• Use paragraphs with clear topic sentences to mark the progression of your argument. Remember ‘new paragraph = new point’. A good example of a clear topic sentence is: ‘The consequences of hatred are explored in Romeo and Juliet’ when………


• Use correct spelling and ensure you always spell book titles, characters’ names or authors’ names correctly; for example, ‘Thing Fall Apart’ by Chinua Achebe. When writing a title, every key word begins with a capital letter and the title is in inverted commas.
• Put direct quotations in inverted commas; for example: Othello defends Desdemona’s loyalty to Brabantio, swearing ‘my life upon her faith’. This is very important when quoting the exact words said by the character in a novel or text.
• Display your knowledge of the text by selecting relevant references to support your views. For example, if you choose to focus on the Romeo and Juliet’s fate of dying, you might emphasize scenes where they talk about death such as the prologue, the balcony scene, Romeo’s dream while in Mantua.
• Work out your own point of view on key elements such as characters, narrators, plot, etc. Demonstrate your own undertanding and opinions especially with question that require you to comment. Sometimes you will have to differ from the author if you can find evidance in the novel or text to support your side.
• Keep to topic. Use concession words to help you keep to the topic such as; also, inaddition, further more, besides, apart from etc.
• Acknowledge the difference between genres; for example, play, fiction or poetry. For example, when discussing a play , refer to ‘scenes’, ‘acts’, ‘stage directions’, etc.

NOTE: The skills above are very essential for a student who wants to get good grades in a literature paper. Failure to follow them makes a student get low grades as his/her work will lack originality and deep understanding of the text which the examiners always look for in your essay. Students should endevour to quote and if they cannot do it let them paraphrase correctly the information to illustrate their points.

Students should also be very carefull with names of characters as some names are quite similar and can easily be used interchangably by a student. For exampe ‘Jero’ in “The Trials of Brother Jero” by Wole Soyinka and ‘Jere’ in “Betrayal in the city” by Francis Imbuga.


Generally students should demonstate clear understanding of the genre they are handling and its content both stylistic and content as examinations are set basing on this. An examination question will either require a candidate to discuss the language and style of the author or meaning; theme, subject matter, relevance of the title, personal opinions about the text among others.

POETRY ANALYSIS
A poem differs from other genres of literature due to the following characteristics:
STRUCTURE OF A POEM

The structure of a poem refers to its external features which can help the reader to arrive at its meaning. These features are explained in details below:


Line: The line is essential to the understanding of poetry, marking an important visual difference from prose. Poetry is arranged into a series of units that do not necessarily match to sentences, but rather to a series of metrical feet. Generally, but not always, the line is printed as one single line on the page. If it occupies more than one line, the remaining part is usually indented to indicate that it is a continuation.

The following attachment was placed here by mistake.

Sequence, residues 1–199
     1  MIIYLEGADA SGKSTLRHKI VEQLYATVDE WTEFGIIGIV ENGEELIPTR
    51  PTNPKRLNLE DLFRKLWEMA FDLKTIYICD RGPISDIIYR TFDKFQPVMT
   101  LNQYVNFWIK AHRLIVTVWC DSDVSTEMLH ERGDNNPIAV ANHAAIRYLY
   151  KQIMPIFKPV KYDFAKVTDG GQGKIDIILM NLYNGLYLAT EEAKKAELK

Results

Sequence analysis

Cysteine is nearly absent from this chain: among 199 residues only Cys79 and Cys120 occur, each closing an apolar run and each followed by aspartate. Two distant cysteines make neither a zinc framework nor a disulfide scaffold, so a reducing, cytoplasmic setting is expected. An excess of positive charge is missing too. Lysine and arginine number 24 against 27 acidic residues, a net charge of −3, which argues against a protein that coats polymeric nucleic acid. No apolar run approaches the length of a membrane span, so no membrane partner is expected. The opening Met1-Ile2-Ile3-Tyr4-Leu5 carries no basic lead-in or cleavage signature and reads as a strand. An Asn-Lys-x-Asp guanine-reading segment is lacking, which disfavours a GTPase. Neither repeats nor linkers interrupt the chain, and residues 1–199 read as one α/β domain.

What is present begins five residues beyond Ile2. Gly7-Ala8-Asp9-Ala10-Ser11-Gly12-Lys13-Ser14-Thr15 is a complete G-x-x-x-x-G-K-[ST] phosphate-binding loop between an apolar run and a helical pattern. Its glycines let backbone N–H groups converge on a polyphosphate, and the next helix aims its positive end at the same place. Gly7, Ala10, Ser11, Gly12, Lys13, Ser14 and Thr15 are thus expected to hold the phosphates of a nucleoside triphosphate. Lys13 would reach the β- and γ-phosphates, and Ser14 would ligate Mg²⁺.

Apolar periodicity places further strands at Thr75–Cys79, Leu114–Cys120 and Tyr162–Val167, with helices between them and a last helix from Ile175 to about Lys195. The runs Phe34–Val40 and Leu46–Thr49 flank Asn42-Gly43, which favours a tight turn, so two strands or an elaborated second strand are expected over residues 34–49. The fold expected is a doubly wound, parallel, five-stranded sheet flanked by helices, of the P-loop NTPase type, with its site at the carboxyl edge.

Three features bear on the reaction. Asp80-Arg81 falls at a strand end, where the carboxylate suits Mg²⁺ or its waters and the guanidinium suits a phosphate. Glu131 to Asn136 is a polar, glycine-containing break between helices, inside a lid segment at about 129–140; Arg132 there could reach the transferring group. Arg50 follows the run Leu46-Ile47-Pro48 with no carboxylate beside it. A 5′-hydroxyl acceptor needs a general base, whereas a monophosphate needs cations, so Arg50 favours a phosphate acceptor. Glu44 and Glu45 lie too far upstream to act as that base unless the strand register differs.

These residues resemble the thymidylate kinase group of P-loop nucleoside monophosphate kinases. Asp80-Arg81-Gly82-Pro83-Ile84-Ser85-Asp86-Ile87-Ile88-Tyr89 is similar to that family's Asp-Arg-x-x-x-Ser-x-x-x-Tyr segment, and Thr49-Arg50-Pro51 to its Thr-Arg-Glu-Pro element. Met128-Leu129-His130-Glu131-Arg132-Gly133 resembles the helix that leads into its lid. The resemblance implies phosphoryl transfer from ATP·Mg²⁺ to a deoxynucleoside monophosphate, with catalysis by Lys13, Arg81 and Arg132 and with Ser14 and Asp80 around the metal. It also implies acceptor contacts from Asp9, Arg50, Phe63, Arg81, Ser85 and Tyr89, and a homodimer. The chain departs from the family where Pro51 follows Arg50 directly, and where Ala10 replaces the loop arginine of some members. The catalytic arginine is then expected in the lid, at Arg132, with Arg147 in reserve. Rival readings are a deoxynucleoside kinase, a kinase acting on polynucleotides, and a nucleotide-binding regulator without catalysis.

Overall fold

In traditional verse forms, the length of each line is determined by convention, but in modern poetry the poet has more liberty for choice. This kind of poem which does not follow the conventional rule of length of a line is called free verse. Here the poet uses poetic license to express his/her ideas.
Enjambment/ run on lines: This is the continuation of the idea therefore the line doest end but instead continues. For example;
Why should it be Africa,

where children starve amidst food,

people die evil deaths without cause,

war wipes out entire communities and commodities

and causes panic inside our intestines--

leading to miscarriages that discourage

our courage?
This is the first staza of a poem “Why Africa” by Kaboyo Julius. In this stanza the sentense ends with a question mark at the end of the stanza since it is the same idea the author is exploring in the whole stanza. If the first line had ended with a full stop, the second would have no meaning.

Enjamblement is sometimes done with the title, which in effect becomes the first line of the poem. In this case the line is not marked by end marks like fullstops, question marks, exclamation marks, but line are broken down so that the idea is understood after reading the corresponding line.
Stanza: A division of a poem created by arranging the lines into a unit, often repeated in the same pattern of meter and rhyme throughout the poem; a unit of poetic lines (a “paragraph” within the poem). The stanzas within a poem are separated by blank lines.
THIS LIFE!

What offense have we committed?

We are born prematurely,

Wailing in agony, blind and mute, Stanza one

Hearing that which we can't comprehend,

Visualizing that which we cannot see,

Guilty of sins not committed.

Why then do we live?
We sprout amidst thorns,

Our bodies pierced to pieces;

Wander around the world, Stanza two

Yet find no nest in which to rest.

We hatch on the naked ground-

Vulnerable to heaven’s fires and sea breezes.

We try to get acclimatised,

But only suffer more.


Why then live?

We die violent deaths

And bequeath to our offspring our blood.

So the lineage continues: Stanza three

Murder, prostitution, defecating babies in dustbins-

And then pretentious repentance.

Since our birth is an ordeal ordained for us,

Why live?
Stanzas in modern poetry, such as free verse, often do not have lines that are all of the same length and meter, nor even the same number of lines in each stanza. Stanzas created by such irregular line groupings are often dictated by meaning, as in paragraphs of prose.
Stanzas are usually used to mark divisions of thought in a poem, and so they function somewhat as paragraphs do. For example in the above poem, “This Life” by Kaboyo Julius, the first stanza is about birth of a baby, the second stanza the problems people go through while growing and the last stanza is majorly about death for the whole unit-Life.
In some poems, each stanza has the same pattern; in others, each stanza is different. In some poems, when a new stanza begins, it means a new idea is being introduced. Some words can help us to know if it’s a new idea of the previous such as ‘but’, ‘then’, ‘and’ etc.

Some of the best known of the regular stanza patterns are the…

Couplet = a two line stanza

Triplet (Tercet) = a three line stanza

Quatrain = a four line stanza

Quintet = a five line stanza

Sestet (Sextet) = a six line stanza

Septet = a seven line stanza

Octave = an eight line stanza